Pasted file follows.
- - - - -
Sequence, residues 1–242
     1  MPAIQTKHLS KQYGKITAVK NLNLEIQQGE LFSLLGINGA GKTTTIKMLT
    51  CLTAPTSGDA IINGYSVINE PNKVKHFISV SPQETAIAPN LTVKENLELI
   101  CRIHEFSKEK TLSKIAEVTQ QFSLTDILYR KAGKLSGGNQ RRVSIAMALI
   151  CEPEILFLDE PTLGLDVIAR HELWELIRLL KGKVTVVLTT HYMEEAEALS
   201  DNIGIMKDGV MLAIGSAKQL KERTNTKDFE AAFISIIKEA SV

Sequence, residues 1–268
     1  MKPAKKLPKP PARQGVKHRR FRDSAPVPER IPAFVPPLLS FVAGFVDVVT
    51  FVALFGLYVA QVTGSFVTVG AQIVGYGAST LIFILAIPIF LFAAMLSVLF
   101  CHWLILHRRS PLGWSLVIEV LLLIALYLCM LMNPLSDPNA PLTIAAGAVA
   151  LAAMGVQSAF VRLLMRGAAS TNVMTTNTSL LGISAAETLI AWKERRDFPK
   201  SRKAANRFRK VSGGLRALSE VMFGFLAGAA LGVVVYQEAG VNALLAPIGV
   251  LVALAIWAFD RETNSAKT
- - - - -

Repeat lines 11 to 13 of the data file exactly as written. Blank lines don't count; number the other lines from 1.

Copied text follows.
   151  LAAMGVQSAF VRLLMRGAAS TNVMTTNTSL LGISAAETLI AWKERRDFPK
   201  SRKAANRFRK VSGGLRALSE VMFGFLAGAA LGVVVYQEAG VNALLAPIGV
   251  LVALAIWAFD RETNSAKT